d) Windows XP users must also install Windows IMAPIv2.0 (Image Mastering API): Download the Image Mastering API v2.0 for Windows XP. {But which should be installed first: WAIK, or IMAPIv2.0? Or does the installation sequence make no difference?}

    e) 3. After installing ADK or WAIK {and for WinXP, also IMAPIv2.0? Or should it be installed before WAIK?} restart your computer.

    f) In Section II, Figure 1-4 and surrounding text refer to the ESS/EAV folder. No folder on my computer includes either "ESS" or "EAV". So I'm guessing that "ESS/EAV" represents the folder in which either Eset's Smart Security or Eset's NOD32 is installed. My Eset NOD32 installation folder has a huge collection of files with undefined titles, so I don't know whether virus signatures are stored there or somewhere else. Also, my Eset NOD32 installation folder does not contain an MSI subfolder, and I haven't found an MSI folder anywhere else. My Eset NOD32 folder does have files (ranging from em000_32.dat to em023_32.dat) that I suspect are virus signatures, but that's a guess.

    Thanks for reading this. I probably will be able to figure out the answers to my ambiguities and questions, but computing life would be easier if there were fewer guesses to be made!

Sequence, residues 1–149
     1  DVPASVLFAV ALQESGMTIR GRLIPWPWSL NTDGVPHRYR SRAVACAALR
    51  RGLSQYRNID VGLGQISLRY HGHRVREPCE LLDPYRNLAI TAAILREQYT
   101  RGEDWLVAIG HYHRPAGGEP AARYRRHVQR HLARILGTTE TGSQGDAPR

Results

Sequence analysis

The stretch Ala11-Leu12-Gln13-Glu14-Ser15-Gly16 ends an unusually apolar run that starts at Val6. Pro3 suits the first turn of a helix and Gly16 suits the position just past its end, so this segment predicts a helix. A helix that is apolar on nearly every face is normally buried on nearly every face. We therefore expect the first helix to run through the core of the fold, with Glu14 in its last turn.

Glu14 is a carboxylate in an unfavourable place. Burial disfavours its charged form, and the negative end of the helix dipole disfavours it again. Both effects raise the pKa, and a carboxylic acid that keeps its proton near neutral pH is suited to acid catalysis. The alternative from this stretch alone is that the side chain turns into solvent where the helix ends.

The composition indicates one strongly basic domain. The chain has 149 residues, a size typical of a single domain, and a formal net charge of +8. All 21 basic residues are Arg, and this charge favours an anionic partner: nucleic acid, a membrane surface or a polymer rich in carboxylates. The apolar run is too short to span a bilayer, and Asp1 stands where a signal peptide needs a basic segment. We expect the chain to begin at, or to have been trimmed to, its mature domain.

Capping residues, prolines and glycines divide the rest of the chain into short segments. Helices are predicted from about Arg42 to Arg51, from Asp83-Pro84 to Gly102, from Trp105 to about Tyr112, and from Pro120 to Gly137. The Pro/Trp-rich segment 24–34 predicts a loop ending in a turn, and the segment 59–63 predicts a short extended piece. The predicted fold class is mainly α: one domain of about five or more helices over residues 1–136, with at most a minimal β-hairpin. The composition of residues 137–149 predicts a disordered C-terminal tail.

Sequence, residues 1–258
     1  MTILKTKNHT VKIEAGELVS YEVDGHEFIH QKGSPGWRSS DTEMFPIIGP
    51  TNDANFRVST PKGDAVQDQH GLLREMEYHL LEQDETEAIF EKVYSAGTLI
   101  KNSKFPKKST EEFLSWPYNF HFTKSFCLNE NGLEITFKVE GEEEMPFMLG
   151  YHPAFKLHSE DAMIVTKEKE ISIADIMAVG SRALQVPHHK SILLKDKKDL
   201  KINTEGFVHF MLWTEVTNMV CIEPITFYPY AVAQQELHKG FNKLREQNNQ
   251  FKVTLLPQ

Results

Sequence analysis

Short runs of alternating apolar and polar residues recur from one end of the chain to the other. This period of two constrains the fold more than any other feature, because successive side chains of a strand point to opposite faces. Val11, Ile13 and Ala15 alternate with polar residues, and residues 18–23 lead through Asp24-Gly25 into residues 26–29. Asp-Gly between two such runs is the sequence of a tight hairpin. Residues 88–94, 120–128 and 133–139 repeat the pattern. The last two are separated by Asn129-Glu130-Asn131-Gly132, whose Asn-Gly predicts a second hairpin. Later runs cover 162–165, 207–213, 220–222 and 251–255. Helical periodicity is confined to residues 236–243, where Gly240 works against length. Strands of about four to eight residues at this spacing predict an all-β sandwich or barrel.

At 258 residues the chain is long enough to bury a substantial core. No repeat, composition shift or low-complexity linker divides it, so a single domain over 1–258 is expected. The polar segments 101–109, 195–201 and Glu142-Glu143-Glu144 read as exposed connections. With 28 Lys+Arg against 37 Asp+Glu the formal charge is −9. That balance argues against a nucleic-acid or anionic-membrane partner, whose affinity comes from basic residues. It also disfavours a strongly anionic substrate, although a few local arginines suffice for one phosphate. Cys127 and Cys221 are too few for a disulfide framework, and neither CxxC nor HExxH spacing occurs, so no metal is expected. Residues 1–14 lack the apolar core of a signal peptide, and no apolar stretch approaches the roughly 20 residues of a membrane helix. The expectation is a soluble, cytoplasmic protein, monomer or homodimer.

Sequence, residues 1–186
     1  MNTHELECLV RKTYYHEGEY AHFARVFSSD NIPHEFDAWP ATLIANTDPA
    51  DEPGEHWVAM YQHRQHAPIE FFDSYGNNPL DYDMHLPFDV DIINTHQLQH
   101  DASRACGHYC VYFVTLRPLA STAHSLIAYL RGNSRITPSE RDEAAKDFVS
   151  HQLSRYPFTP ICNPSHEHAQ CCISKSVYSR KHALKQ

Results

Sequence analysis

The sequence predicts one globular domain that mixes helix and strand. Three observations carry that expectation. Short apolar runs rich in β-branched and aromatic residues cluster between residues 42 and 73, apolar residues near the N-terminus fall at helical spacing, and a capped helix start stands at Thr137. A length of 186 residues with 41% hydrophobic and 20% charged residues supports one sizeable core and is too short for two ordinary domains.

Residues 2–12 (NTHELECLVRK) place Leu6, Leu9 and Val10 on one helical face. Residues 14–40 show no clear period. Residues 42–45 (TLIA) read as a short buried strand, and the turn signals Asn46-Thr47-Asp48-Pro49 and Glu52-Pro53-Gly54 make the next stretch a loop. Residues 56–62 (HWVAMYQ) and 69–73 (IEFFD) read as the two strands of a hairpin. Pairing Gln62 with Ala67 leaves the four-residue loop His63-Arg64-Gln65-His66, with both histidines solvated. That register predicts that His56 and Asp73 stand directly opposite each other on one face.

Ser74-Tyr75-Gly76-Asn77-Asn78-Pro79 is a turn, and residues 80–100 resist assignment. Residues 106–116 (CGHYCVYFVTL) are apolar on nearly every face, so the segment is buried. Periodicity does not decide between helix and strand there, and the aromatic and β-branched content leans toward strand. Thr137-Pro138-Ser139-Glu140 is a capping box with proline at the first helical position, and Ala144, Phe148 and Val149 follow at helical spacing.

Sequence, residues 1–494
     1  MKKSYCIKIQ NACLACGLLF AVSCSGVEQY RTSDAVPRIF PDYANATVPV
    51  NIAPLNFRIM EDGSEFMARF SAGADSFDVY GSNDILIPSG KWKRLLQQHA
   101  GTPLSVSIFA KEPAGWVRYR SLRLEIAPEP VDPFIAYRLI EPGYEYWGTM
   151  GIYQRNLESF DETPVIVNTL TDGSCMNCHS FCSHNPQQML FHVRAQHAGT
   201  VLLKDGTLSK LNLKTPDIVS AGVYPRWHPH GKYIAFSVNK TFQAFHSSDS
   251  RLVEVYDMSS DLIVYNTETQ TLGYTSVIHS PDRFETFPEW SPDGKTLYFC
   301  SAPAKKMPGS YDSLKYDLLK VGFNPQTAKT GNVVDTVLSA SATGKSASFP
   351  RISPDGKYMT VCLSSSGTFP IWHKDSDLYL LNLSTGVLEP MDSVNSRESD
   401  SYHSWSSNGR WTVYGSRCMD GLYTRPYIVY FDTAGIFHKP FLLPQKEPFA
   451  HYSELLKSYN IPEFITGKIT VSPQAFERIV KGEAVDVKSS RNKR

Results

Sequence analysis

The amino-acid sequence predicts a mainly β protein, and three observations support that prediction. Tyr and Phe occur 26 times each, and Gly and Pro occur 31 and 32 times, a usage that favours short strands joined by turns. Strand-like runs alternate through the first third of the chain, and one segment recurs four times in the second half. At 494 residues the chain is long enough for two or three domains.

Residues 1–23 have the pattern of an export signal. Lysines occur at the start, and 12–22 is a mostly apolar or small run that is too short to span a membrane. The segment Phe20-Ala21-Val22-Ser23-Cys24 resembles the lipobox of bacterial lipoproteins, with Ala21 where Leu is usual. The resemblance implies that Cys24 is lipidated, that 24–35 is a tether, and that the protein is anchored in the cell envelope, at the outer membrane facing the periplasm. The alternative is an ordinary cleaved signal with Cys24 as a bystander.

Cordially, R.N. (Roger) Folsom
     
  6. agoretsky

    agoretsky Eset Staff Account

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    Hello,

    In response to your questions:
    • I do not know whether USB devices attached via a USB to CardBus adapter would be bootable, either. This would depend on the specifics of the brand and model of the notebook computer, brand and model of the USB to CardBus adapter, and brand and model of the USB devices attached to the adapter. My initial suspicion, though, is that such a configuration would not be bootable: It has been a while since I worked with equipment of that vintage, but I seem to remember that accessing a CD-ROM typically required booting the computer from a floppy diskette drives and the like.